Or Goat-Hill as the American Airmen unofficially named it.
Goxhill was not the most luxurious of Airbases, nor the most suitable as a command base, so much so, despite being used by the Royal Flying Corp in the First World War, at the onset of World War II, it’s sole purpose was to be the site of a Barrage Balloon with the sole intention of providing a defence mechanism for the nearby ‘East Coast Town’ of Kingston upon Hull.
In 1940 Goxhill was transferred to RAF Bomber Command and was planned and rebuilt as a Class-A bomber airfield. The base was equipped with three intersecting runways, the main runway at 1600 yards and two secondary runways of 1100 yards. Three hangars were built - two T-2's, one J-Type and four blisters and fifty aircraft hardstands. Temporary accommodation was provided for 1700+ personnel.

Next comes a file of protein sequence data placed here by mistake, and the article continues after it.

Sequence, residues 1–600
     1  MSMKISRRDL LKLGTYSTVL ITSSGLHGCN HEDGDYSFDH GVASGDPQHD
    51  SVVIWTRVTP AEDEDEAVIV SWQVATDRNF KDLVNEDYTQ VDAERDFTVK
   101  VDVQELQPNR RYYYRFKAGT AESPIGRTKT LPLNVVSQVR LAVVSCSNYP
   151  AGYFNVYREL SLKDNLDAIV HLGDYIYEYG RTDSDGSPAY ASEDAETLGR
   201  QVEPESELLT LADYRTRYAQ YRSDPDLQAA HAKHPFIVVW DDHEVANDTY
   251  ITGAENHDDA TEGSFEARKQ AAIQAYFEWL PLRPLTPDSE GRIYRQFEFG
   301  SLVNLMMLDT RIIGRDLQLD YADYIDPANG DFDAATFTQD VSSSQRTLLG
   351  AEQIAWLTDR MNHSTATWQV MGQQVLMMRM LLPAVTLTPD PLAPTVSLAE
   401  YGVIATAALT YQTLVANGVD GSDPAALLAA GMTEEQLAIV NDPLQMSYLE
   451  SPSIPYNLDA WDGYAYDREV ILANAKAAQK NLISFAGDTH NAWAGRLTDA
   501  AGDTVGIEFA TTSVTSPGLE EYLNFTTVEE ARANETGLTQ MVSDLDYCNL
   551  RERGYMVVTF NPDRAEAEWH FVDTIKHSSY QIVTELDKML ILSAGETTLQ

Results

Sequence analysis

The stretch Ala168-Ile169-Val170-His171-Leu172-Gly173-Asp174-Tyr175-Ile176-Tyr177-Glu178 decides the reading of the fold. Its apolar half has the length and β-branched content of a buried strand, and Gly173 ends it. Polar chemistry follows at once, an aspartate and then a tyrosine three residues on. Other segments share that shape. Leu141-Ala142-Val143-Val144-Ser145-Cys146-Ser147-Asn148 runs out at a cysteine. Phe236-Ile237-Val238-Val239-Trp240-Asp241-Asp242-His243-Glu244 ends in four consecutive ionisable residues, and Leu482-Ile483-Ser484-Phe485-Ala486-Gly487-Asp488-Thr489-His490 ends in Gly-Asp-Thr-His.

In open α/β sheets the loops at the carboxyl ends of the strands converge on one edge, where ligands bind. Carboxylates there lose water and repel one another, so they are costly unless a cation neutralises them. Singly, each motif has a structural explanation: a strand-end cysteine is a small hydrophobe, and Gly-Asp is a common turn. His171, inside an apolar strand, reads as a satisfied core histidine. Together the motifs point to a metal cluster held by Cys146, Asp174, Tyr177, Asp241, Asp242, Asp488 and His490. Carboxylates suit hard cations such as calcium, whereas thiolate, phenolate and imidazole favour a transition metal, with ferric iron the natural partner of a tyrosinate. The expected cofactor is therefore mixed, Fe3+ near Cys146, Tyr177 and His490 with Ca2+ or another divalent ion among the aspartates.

Its location, however, was too close to the air defences of Kingston upon Hull to be used for that purpose. Its first occupant was No. 1 Group that took up residence on 26 June 1941. The mission of No. 1 Group was towing practice targets with Lysander bombers, its first operation beginning on 25 October. Continued